July 21, 2020

Macau’s DICJ to step up casino inspections

Macau’s DICJ to step up casino inspections

Macau—The Gaming Inspection and Coordination Bureau (DICJ) issued a statement indicating its plans on taking a more serious interest in casino operations in the Chinese administrative region. The DICJ added that it will be performing “rigorous inspections” to make sure that the gambling venues abide by the established protocols aimed to prevent the spread of the novel coronavirus (Covid-19). The announcement came after spot checks conducted last week. However, the gaming regulator has not disclosed the results of the said inspections.

The DICJ announced last Saturday that it plans to hold regular and frequent meetings with Macau’s gaming operators. To keep the city on track and prevent another major shutdown that could immensely impact the economy, casinos have to enforce several different policies to protect their employees and customers, even if these policies aren’t always well-received. The DICJ added that it will continue to work together with the operators and make the necessary adjustments to “epidemic prevention measures under the guidance of health authorities.”

Following the guidelines

Adria Ho, who was appointed as the DICJ’s director last month, made some unplanned visits at Macau’s casinos last week. Ho said he wanted to see if the venues were taking the new health guidelines seriously or not. As of last Wednesday, everyone (employees, customers or otherwise) who stepped inside a casino had to have their body temperature measured. In addition, they also have to show a “valid nucleic acid test” showing they were not infected with the coronavirus. These tests, according to the American Society For Microbiology, can “detect the presence of characteristic sequences of SARS-CoV-2 genetic material (RNA) in respiratory samples of patients.”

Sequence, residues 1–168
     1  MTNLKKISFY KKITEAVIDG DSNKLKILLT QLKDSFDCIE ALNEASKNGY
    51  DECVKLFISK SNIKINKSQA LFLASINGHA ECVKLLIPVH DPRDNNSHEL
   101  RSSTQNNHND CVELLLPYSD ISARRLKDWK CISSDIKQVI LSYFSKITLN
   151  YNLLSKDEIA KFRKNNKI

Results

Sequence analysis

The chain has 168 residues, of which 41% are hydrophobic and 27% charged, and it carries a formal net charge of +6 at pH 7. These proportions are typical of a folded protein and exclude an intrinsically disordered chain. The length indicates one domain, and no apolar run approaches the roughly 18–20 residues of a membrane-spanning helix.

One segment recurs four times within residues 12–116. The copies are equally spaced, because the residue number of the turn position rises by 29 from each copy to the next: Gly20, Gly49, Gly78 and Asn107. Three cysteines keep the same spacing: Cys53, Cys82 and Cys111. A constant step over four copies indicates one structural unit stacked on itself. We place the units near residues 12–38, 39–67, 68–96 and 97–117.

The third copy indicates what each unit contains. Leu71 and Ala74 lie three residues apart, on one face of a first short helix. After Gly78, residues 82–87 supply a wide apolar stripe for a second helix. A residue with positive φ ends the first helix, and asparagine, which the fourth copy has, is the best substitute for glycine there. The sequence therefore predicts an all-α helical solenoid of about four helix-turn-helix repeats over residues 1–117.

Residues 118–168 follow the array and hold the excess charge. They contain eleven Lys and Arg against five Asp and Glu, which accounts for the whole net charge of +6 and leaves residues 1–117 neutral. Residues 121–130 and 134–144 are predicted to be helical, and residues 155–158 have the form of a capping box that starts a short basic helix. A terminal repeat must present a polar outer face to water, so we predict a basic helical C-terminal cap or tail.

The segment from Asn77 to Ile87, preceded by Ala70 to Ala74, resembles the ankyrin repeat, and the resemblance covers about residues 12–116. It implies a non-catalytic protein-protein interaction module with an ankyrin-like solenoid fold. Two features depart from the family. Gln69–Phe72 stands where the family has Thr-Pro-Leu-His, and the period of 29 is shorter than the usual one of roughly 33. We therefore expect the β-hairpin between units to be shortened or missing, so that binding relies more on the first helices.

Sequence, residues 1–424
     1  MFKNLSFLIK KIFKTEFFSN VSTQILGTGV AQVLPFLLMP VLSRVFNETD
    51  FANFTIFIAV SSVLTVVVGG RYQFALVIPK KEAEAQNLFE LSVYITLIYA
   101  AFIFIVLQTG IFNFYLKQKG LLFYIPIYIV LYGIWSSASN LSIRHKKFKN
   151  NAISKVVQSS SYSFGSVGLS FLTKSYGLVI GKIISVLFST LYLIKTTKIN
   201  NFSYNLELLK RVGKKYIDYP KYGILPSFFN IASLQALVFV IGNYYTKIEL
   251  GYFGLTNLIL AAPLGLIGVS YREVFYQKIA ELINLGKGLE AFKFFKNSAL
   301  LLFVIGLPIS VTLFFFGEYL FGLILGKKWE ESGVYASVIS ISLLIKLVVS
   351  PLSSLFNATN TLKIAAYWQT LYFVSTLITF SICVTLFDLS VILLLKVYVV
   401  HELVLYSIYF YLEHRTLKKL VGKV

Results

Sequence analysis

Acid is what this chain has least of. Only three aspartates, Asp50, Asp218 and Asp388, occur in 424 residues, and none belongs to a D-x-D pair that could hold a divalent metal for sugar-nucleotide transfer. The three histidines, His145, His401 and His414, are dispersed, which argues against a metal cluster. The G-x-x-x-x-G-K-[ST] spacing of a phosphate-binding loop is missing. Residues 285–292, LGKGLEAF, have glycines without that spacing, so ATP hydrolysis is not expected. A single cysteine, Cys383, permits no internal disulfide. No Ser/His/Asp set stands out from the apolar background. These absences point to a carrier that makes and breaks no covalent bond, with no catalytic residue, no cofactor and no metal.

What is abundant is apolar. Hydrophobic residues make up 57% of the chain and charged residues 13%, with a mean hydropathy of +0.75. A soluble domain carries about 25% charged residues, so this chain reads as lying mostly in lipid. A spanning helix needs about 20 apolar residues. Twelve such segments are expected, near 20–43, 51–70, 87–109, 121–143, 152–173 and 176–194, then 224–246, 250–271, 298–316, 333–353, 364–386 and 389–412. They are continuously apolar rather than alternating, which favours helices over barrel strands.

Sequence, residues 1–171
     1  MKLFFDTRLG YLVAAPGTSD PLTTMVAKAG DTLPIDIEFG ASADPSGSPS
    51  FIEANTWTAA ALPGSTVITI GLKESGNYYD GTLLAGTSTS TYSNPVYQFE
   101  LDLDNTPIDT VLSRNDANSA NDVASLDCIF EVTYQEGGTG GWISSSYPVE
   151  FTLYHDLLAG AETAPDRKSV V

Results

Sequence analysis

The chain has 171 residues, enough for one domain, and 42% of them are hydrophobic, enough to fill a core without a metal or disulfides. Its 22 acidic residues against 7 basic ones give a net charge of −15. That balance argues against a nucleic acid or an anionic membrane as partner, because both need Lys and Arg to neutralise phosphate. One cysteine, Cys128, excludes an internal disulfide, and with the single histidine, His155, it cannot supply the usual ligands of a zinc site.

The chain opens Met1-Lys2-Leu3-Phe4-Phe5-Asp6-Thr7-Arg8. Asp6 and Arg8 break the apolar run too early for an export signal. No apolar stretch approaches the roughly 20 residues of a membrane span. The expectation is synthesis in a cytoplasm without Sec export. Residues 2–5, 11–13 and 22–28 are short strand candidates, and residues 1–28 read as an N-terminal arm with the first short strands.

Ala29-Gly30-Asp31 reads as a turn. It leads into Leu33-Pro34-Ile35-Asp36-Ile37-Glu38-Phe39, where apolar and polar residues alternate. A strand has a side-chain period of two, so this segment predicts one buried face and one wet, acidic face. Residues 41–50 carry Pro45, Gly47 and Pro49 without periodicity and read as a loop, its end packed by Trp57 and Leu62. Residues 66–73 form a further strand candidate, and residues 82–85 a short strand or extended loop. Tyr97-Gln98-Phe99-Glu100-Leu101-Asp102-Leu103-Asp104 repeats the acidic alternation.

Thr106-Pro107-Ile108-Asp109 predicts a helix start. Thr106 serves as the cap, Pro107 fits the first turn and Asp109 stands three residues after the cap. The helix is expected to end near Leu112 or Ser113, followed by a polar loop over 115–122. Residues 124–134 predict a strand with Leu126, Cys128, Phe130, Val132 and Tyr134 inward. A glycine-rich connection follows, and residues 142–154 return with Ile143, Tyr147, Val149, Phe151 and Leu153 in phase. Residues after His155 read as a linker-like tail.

Casino employees, starting from July 16, are subject to regular testing to make sure they are free of Covid-19, and this is not going to be an easy feat. There are approximately 58,000 employees serving Macau’s casinos (the number is smaller now owing to layoffs due to the pandemic), but considering the massive declines in revenue lately, the health precautions are only a small price to pay.

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